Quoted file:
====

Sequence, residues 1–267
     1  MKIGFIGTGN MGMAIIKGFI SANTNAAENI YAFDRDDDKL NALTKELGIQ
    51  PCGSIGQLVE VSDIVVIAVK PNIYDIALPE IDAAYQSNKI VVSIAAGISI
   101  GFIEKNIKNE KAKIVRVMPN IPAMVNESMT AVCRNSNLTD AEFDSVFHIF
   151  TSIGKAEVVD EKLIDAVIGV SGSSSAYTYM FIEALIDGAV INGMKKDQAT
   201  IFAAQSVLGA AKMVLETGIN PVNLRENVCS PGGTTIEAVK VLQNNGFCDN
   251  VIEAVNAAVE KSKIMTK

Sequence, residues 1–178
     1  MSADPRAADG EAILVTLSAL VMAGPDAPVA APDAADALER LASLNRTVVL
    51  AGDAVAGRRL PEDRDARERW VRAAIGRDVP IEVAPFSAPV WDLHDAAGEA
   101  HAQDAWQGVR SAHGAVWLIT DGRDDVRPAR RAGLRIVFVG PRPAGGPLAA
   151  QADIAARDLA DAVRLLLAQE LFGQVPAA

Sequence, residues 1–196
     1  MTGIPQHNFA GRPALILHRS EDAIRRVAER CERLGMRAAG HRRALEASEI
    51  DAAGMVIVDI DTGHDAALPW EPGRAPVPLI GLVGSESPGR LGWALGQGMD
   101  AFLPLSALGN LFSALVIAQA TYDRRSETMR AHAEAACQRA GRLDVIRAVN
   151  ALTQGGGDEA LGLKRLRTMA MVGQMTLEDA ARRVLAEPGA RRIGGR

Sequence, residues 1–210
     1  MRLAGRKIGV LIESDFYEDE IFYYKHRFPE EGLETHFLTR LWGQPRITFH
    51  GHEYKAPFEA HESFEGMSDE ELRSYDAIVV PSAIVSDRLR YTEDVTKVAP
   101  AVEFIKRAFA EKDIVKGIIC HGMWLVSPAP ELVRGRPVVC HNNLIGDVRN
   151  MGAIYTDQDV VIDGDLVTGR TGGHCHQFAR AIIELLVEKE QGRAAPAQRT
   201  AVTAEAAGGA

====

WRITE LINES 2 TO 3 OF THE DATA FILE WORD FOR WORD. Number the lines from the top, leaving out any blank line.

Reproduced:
     1  MKIGFIGTGN MGMAIIKGFI SANTNAAENI YAFDRDDDKL NALTKELGIQ
    51  PCGSIGQLVE VSDIVVIAVK PNIYDIALPE IDAAYQSNKI VVSIAAGISI